Mort Weintraub's (Larchmont, N.Y.) Express 37 Troubador has one of the better score lines here, with six victories over the last seven races in IRC 35 class, but Weintraub says he has nothing to do with it. 'I only provide the lunches and the beer and pay the bills,' he laughed. Jamie Anderson (Larchmont), who has been sailing with Weintraub since he was 13 and now works on Wall Street, steers and organizes the crew of 'mostly people who are in New York for their first jobs out of college.'

The two biggest boats in the regatta - the STP65 Rosebud/Team DYT, owned by Roger Sturgeon (Fort Lauderdale, Fla.) and Vanquish, owned by the U.S. Merchant Marine Academy (USMMA) -- are sailing alone in IRC Zero class, but neither team seems to mind too much. 'Rosebud/Team DYT is getting ready for their Europe trip (to compete in the Rolex Fastnet Race in August), so this is good for them,' said Ralf Steitz (Kings Point, N.Y.), who runs the USMMA Sailing Foundation, 'and for us, we can all learn from these guys.' Steitz explained that Rosebud/Team DYT has exhibited extraordinary sportsmanship over seven races, of which only one has Vanquish's winning name on it. 'Two days ago, we snagged the Race Committee boat at the start, and they waited for us to line up again with them so we could begin our race evenly,' said Steitz. 'As well, Roger donated many of Rosebud's older sails to us - that is a wonderful thing.' Steitz explained that the foundation relies on donations, and last December when Jim Swartz donated Vanquish (well-known as Moneypenny at the time), it was a great boon to the offshore sailing program.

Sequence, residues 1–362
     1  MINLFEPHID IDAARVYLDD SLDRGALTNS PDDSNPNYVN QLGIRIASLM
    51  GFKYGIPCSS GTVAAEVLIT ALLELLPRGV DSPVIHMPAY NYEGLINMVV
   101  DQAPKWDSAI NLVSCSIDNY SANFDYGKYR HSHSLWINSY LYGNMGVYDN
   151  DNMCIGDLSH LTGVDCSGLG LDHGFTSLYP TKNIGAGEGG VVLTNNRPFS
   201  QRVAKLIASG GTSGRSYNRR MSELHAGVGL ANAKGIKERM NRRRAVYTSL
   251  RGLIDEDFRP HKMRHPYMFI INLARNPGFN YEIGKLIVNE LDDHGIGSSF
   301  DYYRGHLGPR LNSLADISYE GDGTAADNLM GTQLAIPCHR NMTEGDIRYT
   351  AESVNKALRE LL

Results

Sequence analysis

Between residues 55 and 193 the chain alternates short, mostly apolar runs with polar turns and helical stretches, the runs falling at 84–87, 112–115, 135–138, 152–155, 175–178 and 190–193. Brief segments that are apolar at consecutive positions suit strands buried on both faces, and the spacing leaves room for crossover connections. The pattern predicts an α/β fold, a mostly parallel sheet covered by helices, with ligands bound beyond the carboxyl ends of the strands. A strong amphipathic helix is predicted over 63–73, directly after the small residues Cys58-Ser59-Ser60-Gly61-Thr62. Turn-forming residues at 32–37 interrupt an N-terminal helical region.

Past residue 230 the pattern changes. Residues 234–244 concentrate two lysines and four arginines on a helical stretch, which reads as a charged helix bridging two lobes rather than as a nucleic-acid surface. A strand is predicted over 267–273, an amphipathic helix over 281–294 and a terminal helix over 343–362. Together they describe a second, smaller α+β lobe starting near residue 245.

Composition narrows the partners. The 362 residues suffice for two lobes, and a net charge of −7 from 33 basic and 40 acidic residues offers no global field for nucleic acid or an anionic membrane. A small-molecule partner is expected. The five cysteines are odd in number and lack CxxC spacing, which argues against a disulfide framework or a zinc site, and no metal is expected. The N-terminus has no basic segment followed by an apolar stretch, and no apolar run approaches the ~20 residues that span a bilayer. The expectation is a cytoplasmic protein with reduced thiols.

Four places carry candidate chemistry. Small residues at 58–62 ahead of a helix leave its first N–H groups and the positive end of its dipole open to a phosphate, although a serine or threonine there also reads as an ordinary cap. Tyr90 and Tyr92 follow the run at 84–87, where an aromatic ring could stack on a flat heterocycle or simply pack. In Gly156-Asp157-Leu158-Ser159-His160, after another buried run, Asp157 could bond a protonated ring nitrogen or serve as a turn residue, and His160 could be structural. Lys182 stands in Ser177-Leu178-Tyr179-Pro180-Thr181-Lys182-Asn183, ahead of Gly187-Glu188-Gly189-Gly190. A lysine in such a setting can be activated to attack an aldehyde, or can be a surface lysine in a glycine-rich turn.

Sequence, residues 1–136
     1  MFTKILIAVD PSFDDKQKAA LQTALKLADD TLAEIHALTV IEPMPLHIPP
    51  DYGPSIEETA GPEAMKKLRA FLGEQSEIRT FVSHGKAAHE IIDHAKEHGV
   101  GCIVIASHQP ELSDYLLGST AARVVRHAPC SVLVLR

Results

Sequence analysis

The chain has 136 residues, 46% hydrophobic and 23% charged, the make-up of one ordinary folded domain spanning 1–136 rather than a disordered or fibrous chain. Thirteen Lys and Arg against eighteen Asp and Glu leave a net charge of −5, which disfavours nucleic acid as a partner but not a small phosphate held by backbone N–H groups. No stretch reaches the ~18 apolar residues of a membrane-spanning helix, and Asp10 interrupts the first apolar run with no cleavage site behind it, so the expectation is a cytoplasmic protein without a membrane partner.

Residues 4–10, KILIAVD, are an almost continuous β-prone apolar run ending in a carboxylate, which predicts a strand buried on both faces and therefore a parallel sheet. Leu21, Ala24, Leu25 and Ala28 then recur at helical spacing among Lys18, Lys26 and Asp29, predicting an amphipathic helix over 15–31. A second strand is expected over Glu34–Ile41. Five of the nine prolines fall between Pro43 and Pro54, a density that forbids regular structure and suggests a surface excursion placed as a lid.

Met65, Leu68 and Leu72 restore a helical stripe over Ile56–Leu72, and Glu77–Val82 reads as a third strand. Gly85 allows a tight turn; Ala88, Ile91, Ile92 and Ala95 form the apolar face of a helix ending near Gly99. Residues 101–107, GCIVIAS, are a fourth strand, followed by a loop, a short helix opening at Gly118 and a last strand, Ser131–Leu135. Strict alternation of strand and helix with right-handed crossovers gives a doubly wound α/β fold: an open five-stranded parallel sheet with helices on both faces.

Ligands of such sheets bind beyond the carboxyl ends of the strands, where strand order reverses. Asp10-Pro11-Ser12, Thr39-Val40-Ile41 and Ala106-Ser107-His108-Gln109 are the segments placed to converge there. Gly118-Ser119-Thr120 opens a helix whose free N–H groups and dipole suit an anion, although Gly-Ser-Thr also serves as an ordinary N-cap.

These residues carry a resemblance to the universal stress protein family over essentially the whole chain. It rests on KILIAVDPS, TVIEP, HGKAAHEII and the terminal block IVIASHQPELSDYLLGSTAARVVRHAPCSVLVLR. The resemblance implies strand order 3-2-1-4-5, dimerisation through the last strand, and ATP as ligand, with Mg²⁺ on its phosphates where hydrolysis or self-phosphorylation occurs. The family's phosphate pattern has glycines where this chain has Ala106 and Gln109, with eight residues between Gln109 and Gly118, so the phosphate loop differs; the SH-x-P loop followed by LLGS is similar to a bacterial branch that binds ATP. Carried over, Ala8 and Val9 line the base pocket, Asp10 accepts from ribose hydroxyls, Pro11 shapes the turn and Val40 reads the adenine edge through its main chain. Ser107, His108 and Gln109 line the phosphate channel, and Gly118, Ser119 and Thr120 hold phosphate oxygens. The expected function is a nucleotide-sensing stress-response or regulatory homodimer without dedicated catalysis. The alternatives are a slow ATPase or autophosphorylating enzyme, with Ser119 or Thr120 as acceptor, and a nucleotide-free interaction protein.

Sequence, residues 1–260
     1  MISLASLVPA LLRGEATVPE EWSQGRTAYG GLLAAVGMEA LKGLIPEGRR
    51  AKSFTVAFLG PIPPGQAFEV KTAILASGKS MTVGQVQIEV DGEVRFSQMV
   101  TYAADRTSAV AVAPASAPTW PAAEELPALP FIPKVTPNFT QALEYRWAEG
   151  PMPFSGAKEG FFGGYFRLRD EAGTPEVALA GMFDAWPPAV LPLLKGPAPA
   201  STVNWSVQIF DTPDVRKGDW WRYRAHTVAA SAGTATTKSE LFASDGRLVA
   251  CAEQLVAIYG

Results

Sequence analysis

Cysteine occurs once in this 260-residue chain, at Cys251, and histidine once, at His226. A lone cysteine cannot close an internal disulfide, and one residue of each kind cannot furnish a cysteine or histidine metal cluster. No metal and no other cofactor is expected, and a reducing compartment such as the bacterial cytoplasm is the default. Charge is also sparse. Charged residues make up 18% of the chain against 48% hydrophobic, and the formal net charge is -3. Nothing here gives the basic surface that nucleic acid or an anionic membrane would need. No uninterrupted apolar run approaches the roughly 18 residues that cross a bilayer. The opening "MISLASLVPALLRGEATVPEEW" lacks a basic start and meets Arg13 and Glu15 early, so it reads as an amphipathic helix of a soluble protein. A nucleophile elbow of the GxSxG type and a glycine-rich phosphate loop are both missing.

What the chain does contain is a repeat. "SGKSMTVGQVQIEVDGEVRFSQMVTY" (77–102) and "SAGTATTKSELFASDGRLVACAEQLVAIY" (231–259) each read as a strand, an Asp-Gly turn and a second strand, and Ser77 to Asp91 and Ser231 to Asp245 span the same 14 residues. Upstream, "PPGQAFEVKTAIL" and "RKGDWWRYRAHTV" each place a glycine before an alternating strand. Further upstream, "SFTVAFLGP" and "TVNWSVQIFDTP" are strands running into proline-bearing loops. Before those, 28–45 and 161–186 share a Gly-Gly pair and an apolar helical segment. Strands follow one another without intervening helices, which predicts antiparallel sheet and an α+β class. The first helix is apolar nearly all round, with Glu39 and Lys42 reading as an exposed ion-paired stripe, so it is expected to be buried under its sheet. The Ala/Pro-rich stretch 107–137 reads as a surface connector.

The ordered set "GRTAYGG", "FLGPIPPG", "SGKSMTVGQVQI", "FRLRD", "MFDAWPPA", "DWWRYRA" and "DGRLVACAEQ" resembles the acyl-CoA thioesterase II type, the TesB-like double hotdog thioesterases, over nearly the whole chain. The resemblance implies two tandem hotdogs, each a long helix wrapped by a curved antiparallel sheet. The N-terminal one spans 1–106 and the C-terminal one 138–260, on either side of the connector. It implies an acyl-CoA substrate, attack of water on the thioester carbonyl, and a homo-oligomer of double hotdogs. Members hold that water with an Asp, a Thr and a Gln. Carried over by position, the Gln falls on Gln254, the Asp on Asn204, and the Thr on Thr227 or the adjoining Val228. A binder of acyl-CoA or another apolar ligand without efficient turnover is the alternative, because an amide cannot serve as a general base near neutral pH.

The USMMA brought along its own hotel/container in the form of a108' navy yacht patrol boat named Liberator. The midshipmen stand anchor watch each night and navigated the 'small ship' to get here, all as part of their training. With a full galley and rustic but practical accommodations that include 26 bunks, it is home to the 32 midshipmen here who are racing three boats (Vanquish, the J/29 Renegade in PHRF 2 class, and Nimbus, which won both races yesterday and won again today to move from third to second in the Farr 40 one-design class.) 'It's the perfect race support boat. If I had the coin, I would buy this instead of a flash support boat!' said Steitz. As for the sailing experience for the midshipmen, it can't be duplicated. 'I had never even seen a sailboat before I got to the Academy,' said Karen Gilkey, a freshman who works the pit aboard Nimbus. 'I started out sailing a Farr 40 and I had no idea how monumental that was; it's almost unheard of!'